How is the UDI Implementation Unfolding?

by Laura Johnson, on April 22, 2016

Screen_Shot_2016-04-22_at_8.59.11_AM.pngIt's been three years since the U.S. Food and Drug Administration mandated unique device identification for most medical devices distributed and used in the U.S. How has the process unfolded so far?

In 2014, Class III devices - which are typically high-risk components, such as replacement heart valves - were required to include a UDI labels on their packaging. One year later, all implantable, life-supporting or life-sustaining devices were required to have UDIs on their packages. Those devices that were designed for multiple uses had to be directly imprinted with a permanent marking.

Polls of companies affected by the regulation show that a large number still haven't been affected in any meaningful way. According to an article in Global Manufacturing, those who had been affected told pollsters that the process was challenging. Fifty-eight percent of those who were complying with the rules said that it was "difficult," while 4 percent even said that it was "extremely difficult." Only about one-third said that the process presented few challenges.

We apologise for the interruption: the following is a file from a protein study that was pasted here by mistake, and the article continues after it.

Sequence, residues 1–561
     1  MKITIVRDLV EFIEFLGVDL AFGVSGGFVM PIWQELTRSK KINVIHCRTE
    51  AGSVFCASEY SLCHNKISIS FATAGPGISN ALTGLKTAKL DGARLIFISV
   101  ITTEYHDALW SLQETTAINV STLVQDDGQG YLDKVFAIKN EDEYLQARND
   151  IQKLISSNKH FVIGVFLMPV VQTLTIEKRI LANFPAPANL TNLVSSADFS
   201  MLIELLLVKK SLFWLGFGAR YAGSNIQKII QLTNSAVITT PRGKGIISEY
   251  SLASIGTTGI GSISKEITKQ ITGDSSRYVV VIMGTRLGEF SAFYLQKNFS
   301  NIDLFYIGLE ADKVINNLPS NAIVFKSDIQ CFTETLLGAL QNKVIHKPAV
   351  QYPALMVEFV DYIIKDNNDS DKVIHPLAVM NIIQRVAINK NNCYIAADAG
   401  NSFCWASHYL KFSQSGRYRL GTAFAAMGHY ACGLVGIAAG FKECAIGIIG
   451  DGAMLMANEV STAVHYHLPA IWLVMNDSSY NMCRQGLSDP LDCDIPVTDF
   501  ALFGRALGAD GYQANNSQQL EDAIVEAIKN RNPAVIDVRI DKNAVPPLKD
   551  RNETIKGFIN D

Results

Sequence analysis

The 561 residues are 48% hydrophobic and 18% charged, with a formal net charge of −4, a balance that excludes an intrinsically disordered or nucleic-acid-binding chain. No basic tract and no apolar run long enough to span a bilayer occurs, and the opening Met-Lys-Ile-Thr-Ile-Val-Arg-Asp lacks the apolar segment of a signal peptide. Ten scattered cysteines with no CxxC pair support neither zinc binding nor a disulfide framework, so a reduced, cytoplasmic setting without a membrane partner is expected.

The next deadline is scheduled for Sept. 24, 2016. On this date, all Class III devices that are used more than once must bear UDIs as permanent markings. In addition, labels and packages for all Class II devices - which include personal wheelchairs - must also contain UDIs, and all data must be submitted to the GUDID database.

What can we learn going forward? Based on the polls' responses, we know that most companies foresaw the challenges that these regulations would bring. But they still need medical device labeling solutions to help them manage the regulatory complexity. An Enterprise Labeling Solution allows medical device manufacturers to centralize their labeling efforts and ensure compliance at a time when federal rules continue to change.

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Topics:Medical DevicesRegulatory

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